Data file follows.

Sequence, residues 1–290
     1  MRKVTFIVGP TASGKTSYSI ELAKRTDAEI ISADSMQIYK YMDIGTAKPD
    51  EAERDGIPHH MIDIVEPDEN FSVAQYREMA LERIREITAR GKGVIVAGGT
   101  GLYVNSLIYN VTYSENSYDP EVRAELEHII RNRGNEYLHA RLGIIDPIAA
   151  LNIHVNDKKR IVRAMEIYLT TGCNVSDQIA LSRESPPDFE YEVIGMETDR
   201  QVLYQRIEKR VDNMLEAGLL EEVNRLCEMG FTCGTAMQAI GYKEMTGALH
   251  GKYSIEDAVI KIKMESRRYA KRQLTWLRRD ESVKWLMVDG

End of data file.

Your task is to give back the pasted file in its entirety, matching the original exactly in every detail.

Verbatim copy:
Sequence, residues 1–290
     1  MRKVTFIVGP TASGKTSYSI ELAKRTDAEI ISADSMQIYK YMDIGTAKPD
    51  EAERDGIPHH MIDIVEPDEN FSVAQYREMA LERIREITAR GKGVIVAGGT
   101  GLYVNSLIYN VTYSENSYDP EVRAELEHII RNRGNEYLHA RLGIIDPIAA
   151  LNIHVNDKKR IVRAMEIYLT TGCNVSDQIA LSRESPPDFE YEVIGMETDR
   201  QVLYQRIEKR VDNMLEAGLL EEVNRLCEMG FTCGTAMQAI GYKEMTGALH
   251  GKYSIEDAVI KIKMESRRYA KRQLTWLRRD ESVKWLMVDG